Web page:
In the earliest days of the gramophone industry, the small handful of major players producing and distributing records were greatly concerned with maintaining their market share, keeping their technical practices secret, and expanding their recordable horizons. In Europe, the rapid establishment of the Favorite label in 1904 must have seemed like a shot across the bow. Based in Hanover, where the Gramophone Company had their pressing plant and a thriving office, Favorite began by pilfering an engineer, Otto Birkhahn, from that company, giving him more than double his normal salary. This was no joke; there were only a small number of people on the planet familiar with this newfangled technology in 1904. Within a short period, Favorite had also acquired a disgruntled engineer from the Beka label, Willy Bielefeld, who had previously offered his comparatively inexpensive services to the Gramophone Company but was summarily rebuffed. Not only that, but Favorite also managed to abscond with Carl Dietsch, a leading employee of the German branch of the Gramophone Company. By 1905, this budding label was issuing new double-sided records and the race was on.
Favorite would thrive for the next nine years. Naturally, they were competitive in their repertoire of European popular and classical musics – they had to be, to survive. But – and here is the catch for Excavated Shellac readers – as early as 1905, they were also recording in Cairo. They recorded in Turkey that same year and returned multiple times. They recorded a session in Bangkok, at least one session in China, multiple sessions in Brazil, Argentina, and even recorded in two locations in Ecuador (with records released under a sub-label, Precioso), probably the first commercial label to do so. They had 40 record presses at their factory in 1908 and had expanded their plant again in 1911. The following year, they were offering 25,000 titles.
But, the German record industry found itself in tumult during the run-up to World War I. By late 1913, what was left of Favorite moved to Berlin, and the company soon liquidated. The Carl Lindström AG concern, a gramophone producer who had only recently gotten into the disc business with their Parlophon label, effectively usurped Favorite, as it had with the Lyrophon, Beka, Odeon, and Dacapo labels. Lindström would continue marketing the Favorite label after the War, reissuing their material, until about 1926. They also loaned some Favorite masters to Columbia Records in the United States, notably their Turkish and Greek material.
This particular track was recorded 109 years ago, in mid-1911, during a session in Belgrade by Favorite recording engineer Wilhelm Winkel. The artist, Danilo Daniel Katalan, was born in 1880 and specialized in humorous folk songs such as the bećarac and the svatovac, as well as uptempo dance tunes such as this, “Poskočica”: literally a “jumping song” for dancing, stemming from the word poskočiti, which means to jump up and down. Katalan recorded under the name “Danilo Katalanić,” as well as “D. Katalanović,” and also the pseudonym “Mirko Katić” when he recorded for the Gramophone Company in 1910. He’s accompanied by the Romani orchestra led by Jova Jare (literally “Jove the goat”; likely a nickname).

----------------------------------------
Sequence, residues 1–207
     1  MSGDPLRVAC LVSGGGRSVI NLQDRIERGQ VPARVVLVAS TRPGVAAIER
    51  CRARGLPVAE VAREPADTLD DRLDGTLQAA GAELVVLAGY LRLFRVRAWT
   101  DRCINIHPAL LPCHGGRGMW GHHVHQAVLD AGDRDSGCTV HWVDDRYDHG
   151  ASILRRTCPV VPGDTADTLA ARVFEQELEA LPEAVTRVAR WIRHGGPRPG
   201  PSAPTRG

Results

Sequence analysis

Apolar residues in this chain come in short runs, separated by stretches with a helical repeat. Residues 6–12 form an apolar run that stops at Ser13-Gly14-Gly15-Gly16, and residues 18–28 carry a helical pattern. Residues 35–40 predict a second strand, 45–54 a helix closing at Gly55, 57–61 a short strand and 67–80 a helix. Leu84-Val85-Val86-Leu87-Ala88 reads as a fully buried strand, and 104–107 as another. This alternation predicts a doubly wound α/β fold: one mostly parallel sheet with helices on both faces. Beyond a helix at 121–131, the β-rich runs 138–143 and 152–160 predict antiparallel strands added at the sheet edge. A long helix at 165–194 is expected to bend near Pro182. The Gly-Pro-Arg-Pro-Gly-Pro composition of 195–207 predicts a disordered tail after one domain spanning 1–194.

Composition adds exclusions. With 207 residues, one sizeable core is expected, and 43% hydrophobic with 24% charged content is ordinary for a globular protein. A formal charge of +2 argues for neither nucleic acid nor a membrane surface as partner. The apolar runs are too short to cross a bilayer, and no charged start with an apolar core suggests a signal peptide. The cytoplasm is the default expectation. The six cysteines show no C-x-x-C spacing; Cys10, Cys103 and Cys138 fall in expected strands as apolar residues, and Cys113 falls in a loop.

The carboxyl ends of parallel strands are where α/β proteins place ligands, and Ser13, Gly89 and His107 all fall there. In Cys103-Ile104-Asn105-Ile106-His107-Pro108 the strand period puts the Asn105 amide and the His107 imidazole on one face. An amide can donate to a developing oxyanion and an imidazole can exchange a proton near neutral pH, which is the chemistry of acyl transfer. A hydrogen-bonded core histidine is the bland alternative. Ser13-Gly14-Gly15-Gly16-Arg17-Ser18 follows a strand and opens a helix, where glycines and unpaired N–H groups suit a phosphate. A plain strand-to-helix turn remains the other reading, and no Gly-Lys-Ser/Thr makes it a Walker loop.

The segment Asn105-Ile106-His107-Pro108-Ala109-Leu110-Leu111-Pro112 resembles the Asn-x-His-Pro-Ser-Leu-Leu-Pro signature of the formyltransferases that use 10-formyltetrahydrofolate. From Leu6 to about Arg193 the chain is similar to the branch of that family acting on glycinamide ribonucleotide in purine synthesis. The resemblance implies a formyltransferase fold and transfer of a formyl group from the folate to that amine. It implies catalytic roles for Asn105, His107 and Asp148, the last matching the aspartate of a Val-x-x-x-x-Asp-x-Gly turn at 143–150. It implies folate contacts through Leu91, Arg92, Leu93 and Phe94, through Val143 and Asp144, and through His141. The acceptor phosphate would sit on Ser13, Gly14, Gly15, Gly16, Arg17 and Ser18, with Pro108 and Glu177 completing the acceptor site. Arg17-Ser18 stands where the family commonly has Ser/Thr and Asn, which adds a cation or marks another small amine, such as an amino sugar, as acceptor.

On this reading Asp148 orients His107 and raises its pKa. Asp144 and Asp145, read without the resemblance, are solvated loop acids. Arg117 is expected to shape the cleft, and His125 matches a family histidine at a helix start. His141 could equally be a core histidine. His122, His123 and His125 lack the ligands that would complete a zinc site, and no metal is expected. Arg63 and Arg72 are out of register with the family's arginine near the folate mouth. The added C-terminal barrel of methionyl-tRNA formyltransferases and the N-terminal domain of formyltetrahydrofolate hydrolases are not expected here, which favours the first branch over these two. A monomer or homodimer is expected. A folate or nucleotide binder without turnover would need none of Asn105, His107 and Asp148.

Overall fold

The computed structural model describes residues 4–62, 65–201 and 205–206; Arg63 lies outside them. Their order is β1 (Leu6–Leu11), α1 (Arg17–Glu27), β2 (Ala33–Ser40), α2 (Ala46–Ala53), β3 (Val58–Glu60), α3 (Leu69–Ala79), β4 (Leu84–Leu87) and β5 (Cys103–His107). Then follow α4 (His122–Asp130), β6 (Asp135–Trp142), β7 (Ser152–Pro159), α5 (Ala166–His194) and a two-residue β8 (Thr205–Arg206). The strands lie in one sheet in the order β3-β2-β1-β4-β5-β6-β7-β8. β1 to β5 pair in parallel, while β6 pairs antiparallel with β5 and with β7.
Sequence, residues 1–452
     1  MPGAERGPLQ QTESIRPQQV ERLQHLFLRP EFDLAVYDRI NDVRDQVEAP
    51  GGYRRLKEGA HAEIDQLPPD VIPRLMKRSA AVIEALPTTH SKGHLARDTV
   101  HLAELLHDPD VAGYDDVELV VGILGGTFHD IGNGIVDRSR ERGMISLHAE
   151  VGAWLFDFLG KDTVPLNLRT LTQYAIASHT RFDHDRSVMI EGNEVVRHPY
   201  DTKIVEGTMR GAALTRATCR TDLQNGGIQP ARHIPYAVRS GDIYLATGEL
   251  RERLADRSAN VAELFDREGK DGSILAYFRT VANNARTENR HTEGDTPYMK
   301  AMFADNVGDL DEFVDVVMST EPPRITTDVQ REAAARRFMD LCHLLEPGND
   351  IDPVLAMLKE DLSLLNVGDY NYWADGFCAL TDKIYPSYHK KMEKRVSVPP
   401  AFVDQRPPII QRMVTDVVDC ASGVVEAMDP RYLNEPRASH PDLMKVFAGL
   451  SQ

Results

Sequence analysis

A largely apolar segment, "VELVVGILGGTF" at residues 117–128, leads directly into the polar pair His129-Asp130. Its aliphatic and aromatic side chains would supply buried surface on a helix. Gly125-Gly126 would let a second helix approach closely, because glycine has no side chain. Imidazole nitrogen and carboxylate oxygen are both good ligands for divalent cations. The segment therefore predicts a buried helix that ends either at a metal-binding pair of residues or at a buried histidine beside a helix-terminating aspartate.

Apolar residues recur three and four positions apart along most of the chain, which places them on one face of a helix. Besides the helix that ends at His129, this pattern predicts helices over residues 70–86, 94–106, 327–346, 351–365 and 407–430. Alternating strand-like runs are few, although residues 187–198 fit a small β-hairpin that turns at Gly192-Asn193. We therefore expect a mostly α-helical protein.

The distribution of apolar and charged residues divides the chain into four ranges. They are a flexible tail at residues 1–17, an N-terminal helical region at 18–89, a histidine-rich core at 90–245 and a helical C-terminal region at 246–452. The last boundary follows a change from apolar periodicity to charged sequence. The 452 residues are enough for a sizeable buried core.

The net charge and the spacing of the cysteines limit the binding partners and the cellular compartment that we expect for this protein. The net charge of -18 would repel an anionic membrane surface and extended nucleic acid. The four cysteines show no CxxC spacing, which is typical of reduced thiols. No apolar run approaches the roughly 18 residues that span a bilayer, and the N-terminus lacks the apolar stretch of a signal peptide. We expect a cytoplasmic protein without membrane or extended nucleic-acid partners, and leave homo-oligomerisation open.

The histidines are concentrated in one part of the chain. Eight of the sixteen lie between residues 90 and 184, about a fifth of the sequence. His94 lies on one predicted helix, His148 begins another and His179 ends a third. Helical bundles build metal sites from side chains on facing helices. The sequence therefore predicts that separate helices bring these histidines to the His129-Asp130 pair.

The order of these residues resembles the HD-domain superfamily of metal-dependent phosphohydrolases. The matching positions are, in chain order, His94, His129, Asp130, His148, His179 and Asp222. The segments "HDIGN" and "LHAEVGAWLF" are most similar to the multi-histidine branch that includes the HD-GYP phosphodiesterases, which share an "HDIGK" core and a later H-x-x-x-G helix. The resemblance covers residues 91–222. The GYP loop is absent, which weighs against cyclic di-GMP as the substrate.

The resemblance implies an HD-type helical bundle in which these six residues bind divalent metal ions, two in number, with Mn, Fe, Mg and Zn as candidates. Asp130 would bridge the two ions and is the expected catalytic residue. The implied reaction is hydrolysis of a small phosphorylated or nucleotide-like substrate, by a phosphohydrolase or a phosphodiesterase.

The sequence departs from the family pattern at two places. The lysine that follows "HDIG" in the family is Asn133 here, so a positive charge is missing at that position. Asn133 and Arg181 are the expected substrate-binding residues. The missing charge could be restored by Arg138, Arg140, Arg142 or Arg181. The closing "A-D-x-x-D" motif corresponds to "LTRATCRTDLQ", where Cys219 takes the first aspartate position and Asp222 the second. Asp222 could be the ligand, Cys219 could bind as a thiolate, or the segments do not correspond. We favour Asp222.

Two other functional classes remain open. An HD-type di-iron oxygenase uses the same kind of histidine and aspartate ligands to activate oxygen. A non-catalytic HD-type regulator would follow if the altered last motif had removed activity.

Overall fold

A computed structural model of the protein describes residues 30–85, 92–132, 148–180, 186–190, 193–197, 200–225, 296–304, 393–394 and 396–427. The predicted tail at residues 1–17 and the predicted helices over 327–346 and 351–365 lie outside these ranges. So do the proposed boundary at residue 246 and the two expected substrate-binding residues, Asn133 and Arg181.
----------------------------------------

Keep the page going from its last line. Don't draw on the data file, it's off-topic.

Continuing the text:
Sadly, Katalan, a Sephardic Jew, was murdered at the Topovske Šupe concentration camp in 1941, located outside of Belgrade on a former military base. The camp was in existence for only a few months and run partly by the collaborationist government of Milan Nedić. It was the site of the murders of approximately 4,300 people during that short time. A terrible tragedy to consider set against the sheer joy of this early track.
Danilo Katalanić with Jove Jareta – Poskočica
(Favorite 1-107031; matrix 5076-t)
Lotz, Rainer E. with Michael Gunrem and Stephan Puille. Das Bilderlexikon der Deutschen Schellack-Schallplatten. 5 vols. Holste: Bear Family, 2019.
Lotz, Rainer E. “On the History of Lindström AG.” In The Lindström Project, Contributions to the history of the record industry / Beiträge zur Geschichte der Schallplattenindustrie, Vol.1, edited by Pekka Gronow and Christiane Hofer, 11-20. Vienna: Gesellschaft für Historische Tonträger, 2009.
Strötbaum, Hugo. “Favorite Revisited: An Update.” Recording Pioneers. http://www.recordingpioneers.com/docs/FAVORITE_REVISITED.pdf (accessed 25 September 2020).
Strötbaum, Hugo. “Favorite: the story of an independent German record company (1904-1914).” In The Lindström Project. Contributions to the history of the record industry / Beiträge zur Geschichte der Schallplattenindustrie, Vol. 2, edited by Pekka Gronow and Christiane Hofer, 121-136. Vienna: Gesellschaft für Historische Tonträger, 2010.
Big thanks to Nikola Zekić and Will Hancock.
4 thoughts on “Danilo Katalanić with Jove Jareta – Poskočica”
“A terrible tragedy to consider set against the sheer joy of this early track.”
That says it all, so I’ll add nothing, except to say thanks. It’s a privilege to get to hear it.
Much appreciated, Ray, as always! Thanks for keepin’ the faith.
The voice of a man, taken from us by an evil ideology, it’s propagators and collaborationists…
Through his records, he will live forever.
My friend, dr. Dragoljub Pokrajac has managed to discover Jova Jare’s surname, by discovering a picture of his daughter in law, married to his son, in a book about Gypsies in the town of Niš. Apparently, Jova’s surname was Jašarević “Yasharevich”. He was not related to the renowned Roma violinist Miodrag Jašarević, who was from Kruševac.